Jesuits support resolution at Barclays to put climate crisis centre stage

Jesuits in Britain together with 10 other institutional shareholders have taken formal action at Barclays, asking the bank to phase out its financing of fossil fuel companies that are active agents in driving the climate crisis.

The group of 11 institutional investors which manage over £130billion includes Brunel Pension Partnership, LGPS Central, Sarasin & Partners and Folksam Investors. Coordinated by the responsible investment charity, ShareAction, they have filed a shareholder resolution at Barclays alongside over 100 individual shareholders. It will be voted on by investors at Barclays’ annual general meeting in May 2020.

This landmark resolution – the first climate change resolution filed at a European bank – requests that Barclays publishes a plan to gradually stop the provision of financial services (including project finance, corporate finance, and underwriting) to companies in the energy sector, and to gas and electric utilities that are not aligned with the goals of the Paris climate agreement.

Stephen Power of the Jesuits in Britain, said: “Climate change is the most pressing challenge the world faces. The Jesuits in Britain support the resolution to align Barclays with other banks taking steps to meet Paris targets, both in response to the increasing scientific evidence that effects of climate change are accelerating and for reasons of sound business sense. The scale of the challenge means large global banks should do all they can to help avert the severe financial risks that could result from a failure to meet the Paris goals.”

Since the Paris Agreement was signed in 2015, Barclays has provided more than US $85 billion of finance to fossil fuel companies and high-carbon projects such as tar sands and Arctic oil and gas. This makes it the world’s sixth largest backer of fossil fuels, and constitutes the highest level of fossil fuel financing of any European bank, exceeding its peers by over US$27 billion.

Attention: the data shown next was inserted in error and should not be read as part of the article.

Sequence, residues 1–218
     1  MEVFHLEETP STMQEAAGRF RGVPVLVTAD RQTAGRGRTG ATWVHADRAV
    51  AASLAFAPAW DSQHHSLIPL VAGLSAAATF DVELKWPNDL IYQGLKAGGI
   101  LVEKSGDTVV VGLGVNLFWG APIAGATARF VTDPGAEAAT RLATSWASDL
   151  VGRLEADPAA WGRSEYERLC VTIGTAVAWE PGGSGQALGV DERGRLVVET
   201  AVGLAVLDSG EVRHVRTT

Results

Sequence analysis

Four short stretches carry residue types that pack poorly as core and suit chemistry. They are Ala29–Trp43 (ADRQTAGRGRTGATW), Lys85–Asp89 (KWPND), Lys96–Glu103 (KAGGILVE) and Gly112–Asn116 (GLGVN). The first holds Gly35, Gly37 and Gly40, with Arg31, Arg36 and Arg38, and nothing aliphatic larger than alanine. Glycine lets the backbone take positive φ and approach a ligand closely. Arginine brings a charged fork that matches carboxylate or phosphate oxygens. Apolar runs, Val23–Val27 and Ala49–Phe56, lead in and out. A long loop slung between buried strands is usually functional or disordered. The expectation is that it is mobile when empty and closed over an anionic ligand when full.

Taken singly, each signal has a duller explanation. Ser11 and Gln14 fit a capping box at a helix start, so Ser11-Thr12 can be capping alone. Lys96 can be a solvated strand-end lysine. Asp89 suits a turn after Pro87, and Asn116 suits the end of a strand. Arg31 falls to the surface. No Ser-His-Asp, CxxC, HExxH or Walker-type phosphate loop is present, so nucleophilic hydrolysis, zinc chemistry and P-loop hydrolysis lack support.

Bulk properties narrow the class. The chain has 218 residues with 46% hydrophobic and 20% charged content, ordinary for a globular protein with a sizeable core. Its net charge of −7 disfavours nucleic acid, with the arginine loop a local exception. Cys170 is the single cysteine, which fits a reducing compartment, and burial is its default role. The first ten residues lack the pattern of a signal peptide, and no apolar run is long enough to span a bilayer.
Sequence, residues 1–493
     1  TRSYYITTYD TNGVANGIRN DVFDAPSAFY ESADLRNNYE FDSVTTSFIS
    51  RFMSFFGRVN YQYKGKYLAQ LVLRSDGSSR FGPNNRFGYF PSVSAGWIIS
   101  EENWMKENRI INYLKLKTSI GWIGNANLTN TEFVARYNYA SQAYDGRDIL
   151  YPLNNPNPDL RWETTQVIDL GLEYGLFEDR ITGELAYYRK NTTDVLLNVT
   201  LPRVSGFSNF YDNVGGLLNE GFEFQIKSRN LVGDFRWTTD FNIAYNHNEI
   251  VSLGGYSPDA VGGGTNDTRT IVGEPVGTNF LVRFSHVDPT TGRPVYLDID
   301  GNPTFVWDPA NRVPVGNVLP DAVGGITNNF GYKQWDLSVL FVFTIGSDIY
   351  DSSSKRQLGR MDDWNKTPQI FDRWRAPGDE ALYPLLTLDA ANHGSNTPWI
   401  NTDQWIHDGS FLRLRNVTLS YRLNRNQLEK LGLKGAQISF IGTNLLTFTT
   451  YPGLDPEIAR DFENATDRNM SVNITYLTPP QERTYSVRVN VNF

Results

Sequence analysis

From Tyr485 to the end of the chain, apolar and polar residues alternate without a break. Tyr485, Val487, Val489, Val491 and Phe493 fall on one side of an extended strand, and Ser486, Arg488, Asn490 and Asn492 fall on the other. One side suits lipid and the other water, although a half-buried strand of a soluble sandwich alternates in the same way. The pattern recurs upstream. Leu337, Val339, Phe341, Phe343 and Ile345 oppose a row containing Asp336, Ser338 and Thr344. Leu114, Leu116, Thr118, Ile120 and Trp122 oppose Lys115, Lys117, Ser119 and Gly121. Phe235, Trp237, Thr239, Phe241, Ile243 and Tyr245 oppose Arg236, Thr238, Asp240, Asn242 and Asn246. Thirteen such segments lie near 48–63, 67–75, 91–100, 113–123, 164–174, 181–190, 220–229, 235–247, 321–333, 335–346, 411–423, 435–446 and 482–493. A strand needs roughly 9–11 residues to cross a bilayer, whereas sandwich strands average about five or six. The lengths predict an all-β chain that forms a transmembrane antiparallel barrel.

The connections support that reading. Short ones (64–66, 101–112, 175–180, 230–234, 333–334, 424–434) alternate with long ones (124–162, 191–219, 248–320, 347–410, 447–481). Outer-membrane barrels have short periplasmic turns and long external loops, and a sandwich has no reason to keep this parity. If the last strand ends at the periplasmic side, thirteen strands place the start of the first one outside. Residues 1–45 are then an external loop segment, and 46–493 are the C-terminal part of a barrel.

Mr Power explained: “The resolution seeks to ensure that major energy sector companies take the Paris targets seriously but also that the finance and banking sector do not allow deviation from them.”

In May 2019 a group of Barclays' investors backed a letter from ShareAction to the bank asking it to stop funding companies involved in coal mining or oil sands exploitation.

The proposal also encourages Barclays to consider the social dimension of the transition to a resilient and low-carbon economy, as per the Paris Agreement. This makes it the first climate change resolution to include a so-called ‘just transition’ ask in its supporting statement. Investors representing more than US $5 trillion have already expressed support for the just transition.

Given the systemic threats posed by climate change, and the rising regulatory scrutiny of banks’ resilience to accelerated decarbonisation and climatic impacts, this resolution supports the long-term economic interest of shareholders.